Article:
surprise

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Surprise

An unexpected action, sudden confusion, or an unanticipated event.

As a ground for a new trial, surprise means the condition in which a party to a lawsuit is unexpectedly placed and that is detrimental to that party's case. The situation must be one that the party could not reasonably have anticipated and that could not be guarded against or prevented.

When a party is taken by surprise by the testimony of his or her own witness, the party may be permitted to discredit the witness by showing that the witness made prior contradictory or inconsistent statements.

surprise

noun admiratio, amazement, astonishment, astoundment, bafflement, bewilderment, consternation, lack of warning, miratio, shock, unexpected event, unexxected occurrence, unforeseen contingency, unforeseen event, unforeseen occurrence, unsuspected event, unusual occurrence, wonder, wonderment
Associated concepts: take an opposing party by surprise
See also: bombshell, fortuitous, overwhelm, unforeseeable, unforeseen

SURPRISE. This term is frequently used in courts of equity and by writers on equity jurisprudence. It signifies the act by which a party who is entering into a contract is taken unawares, by which sudden confusion or perplexity is created, which renders it proper that a court of equity should relieve the party so surprised. 2 Bro. Ch. R. 150; 1 Story, Eq. Jur. Sec. 120, note. Mr. Jeremy, Eq. Jur. 366, seems to think that the word surprise is a technical expression, and nearly synonymous. with fraud. Page 383, note. It is sometimes, used in this sense when it is deemed presumptive of, or approaching to fraud. 1 Fonb. Eq. 123 3 Chan. Cas. 56, 74, 103, 114. Vide 6 Ves. R. 327, 338; 2 Bro. Ch. R. 826; 16 Ves. R. 81, 86, 87; 1 Cox, R. 340; 2 Harr. Dig. 92.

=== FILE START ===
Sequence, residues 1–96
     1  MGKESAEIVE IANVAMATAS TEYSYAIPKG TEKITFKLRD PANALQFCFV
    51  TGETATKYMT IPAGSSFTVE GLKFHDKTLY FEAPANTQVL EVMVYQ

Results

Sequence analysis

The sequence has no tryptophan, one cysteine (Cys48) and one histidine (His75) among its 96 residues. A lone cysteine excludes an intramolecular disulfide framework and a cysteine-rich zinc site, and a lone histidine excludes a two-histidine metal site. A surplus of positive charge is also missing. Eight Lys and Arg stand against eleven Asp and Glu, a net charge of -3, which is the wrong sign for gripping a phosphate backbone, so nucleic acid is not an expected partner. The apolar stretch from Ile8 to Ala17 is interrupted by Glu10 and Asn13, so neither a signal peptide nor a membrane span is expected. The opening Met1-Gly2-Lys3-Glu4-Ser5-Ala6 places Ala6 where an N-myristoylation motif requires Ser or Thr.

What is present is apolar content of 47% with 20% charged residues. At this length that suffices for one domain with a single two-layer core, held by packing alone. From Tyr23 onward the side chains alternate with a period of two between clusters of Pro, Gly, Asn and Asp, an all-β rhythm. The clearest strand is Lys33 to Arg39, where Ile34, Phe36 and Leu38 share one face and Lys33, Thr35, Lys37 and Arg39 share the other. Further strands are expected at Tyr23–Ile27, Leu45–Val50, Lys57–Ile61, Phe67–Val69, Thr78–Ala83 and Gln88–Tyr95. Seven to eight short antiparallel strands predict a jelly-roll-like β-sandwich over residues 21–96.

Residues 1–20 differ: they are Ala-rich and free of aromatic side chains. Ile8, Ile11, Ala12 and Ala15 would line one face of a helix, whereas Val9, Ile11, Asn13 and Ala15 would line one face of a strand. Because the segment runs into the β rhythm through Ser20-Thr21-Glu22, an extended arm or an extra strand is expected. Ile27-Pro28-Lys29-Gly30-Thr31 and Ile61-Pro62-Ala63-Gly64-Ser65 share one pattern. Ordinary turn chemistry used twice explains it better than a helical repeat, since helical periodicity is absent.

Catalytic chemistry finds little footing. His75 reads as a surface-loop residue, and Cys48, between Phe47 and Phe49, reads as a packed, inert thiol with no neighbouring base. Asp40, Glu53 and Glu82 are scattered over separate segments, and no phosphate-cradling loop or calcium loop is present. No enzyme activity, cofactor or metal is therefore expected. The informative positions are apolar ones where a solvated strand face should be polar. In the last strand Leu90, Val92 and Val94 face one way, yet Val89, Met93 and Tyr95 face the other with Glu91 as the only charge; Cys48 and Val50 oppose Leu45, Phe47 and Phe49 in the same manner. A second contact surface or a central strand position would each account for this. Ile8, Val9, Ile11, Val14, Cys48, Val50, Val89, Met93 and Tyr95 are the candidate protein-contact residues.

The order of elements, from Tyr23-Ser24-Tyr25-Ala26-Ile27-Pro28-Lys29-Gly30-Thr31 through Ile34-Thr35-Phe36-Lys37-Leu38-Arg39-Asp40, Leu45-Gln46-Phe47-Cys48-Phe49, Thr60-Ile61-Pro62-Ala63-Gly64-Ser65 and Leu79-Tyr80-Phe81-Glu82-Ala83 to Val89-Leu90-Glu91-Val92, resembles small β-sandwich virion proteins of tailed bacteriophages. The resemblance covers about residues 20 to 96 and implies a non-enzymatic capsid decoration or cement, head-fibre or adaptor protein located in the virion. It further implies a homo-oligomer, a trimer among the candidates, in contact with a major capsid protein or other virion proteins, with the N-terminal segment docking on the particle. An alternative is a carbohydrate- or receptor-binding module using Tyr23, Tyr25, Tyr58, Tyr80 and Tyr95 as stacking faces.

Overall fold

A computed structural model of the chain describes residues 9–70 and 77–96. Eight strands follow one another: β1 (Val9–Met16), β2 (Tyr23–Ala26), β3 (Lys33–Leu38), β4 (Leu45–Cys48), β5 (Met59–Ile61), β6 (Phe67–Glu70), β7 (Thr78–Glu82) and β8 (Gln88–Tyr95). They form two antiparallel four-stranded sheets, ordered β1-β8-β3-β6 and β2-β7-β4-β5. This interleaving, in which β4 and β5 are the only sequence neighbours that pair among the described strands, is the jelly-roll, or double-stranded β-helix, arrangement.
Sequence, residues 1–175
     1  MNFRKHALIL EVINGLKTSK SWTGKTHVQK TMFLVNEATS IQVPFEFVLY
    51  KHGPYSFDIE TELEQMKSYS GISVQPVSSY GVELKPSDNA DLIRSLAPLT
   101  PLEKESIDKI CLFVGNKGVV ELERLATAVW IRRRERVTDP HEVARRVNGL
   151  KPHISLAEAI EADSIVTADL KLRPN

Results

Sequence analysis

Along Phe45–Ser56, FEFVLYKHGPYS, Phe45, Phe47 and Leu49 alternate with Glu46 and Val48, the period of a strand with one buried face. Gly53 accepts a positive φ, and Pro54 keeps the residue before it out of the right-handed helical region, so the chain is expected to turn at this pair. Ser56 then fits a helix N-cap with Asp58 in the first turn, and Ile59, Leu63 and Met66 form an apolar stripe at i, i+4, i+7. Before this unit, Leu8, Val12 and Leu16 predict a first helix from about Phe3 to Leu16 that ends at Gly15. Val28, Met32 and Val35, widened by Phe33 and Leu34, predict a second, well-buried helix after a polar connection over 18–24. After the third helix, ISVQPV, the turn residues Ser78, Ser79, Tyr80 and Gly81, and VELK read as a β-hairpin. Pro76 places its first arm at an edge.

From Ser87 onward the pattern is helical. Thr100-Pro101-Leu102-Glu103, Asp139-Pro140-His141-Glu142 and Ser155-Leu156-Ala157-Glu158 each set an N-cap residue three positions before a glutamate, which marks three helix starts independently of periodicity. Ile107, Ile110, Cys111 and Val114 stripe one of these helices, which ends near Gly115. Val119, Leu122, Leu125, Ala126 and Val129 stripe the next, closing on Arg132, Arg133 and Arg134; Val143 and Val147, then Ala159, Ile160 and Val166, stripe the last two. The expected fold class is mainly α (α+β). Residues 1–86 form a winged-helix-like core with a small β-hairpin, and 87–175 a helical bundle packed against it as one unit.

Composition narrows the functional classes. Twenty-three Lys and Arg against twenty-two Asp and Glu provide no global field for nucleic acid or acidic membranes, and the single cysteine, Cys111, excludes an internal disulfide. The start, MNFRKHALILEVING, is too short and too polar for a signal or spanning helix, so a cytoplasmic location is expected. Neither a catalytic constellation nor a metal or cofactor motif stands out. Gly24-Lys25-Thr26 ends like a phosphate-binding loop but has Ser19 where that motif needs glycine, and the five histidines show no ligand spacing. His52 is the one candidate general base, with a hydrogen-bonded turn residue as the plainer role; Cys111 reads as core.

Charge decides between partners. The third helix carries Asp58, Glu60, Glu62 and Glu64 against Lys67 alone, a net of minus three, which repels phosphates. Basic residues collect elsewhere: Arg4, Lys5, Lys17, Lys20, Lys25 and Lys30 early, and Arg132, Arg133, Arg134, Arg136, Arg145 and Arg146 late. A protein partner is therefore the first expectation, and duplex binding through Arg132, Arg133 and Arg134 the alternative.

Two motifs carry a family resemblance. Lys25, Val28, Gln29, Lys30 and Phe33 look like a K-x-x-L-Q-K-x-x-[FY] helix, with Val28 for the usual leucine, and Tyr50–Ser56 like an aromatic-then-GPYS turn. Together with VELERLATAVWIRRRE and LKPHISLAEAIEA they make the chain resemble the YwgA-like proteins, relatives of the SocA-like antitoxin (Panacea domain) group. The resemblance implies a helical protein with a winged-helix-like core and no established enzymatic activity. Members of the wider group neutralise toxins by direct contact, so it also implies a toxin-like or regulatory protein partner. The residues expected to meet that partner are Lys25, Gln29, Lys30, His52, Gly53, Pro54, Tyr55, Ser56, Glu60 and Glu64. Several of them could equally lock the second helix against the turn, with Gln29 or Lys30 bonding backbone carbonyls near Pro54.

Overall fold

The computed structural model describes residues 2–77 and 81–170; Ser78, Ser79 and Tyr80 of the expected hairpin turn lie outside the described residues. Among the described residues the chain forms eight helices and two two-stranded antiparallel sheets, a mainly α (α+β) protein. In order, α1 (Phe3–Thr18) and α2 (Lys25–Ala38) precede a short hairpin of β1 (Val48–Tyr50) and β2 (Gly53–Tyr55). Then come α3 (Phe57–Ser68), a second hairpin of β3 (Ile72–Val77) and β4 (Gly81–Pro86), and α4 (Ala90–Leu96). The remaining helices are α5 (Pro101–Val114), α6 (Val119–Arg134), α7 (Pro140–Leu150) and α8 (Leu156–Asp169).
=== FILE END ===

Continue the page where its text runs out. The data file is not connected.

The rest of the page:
2. In practice, by surprise is understood that situation in which a party is placed, without any default of his own, which will be, injurious to his interest. 8 N. AS. 407. The courts always do everything in their power to relieve a party from the effects of a surprise, when he has been diligent in endeavouring to avoid it. 1 Clarke's R. 162; 3 Bouv. Inst. n. 3285.

References in classic literature ?
Meanwhile the surprise occasioned by the unexpected meeting of their rivals seemed to have spread something like consternation among the white members of the Beecher party.
But the surprise rose higher still when the dame, with a body oozing easy indifference at every pore, but eyes that gave it all away by absolutely flaming with vanity, slowly unfolded an actual simon-pure tablecloth and spread it.
Parisians and Frondeurs as they were, the two friends expected to find the same misery, the same fears, the same intrigue in the enemy's camp; but what was their surprise, after passing Saint Denis, to hear that at Saint Germain people were singing and laughing, and leading generally cheerful lives.
She gained the landing at the moment when Montalais, as in all scenes of surprises, shut the closet by leaning with her back against the door.
I don't like surprises, my sister," said Urbain de Bellegarde; "especially when one is on the point of entering a drawing-room.
From a too well-stocked memory the Inspector drew one short adhesive word which surprises by itself even unblushing Ethiopia.
I had my share of judgment and audacity which surprises me now that the years have chilled the blood without dimming the memory.
It seems, on the contrary, to have been a perfectly spontaneous, untaught feeling on his side, and this surprises me.
He was talking to Miss Staverton, with whom for a couple of months now he had availed himself of every possible occasion to talk; this disposition and this resource, this comfort and support, as the situation in fact presented itself, having promptly enough taken the first place in the considerable array of rather unattenuated surprises attending his so strangely belated return to America.
Above him, at the angle of the steep green bank of the terraced garden, was one of those small picturesque surprises common in the old landscape gardening; a kind of small round hill or dome of grass, like a giant mole-hill, ringed and crowned with three concentric fences of roses, and having a sundial in the highest point in the centre.
And this persists even when from practice and through growing callousness of fibre we come to the point when nothing that we meet in that rapid blinking stumble across a flick of sunshine--which our life is--nothing, I say, which we run against surprises us any more.
At every step he found his former dreams disappointed, and new, unexpected surprises of happiness.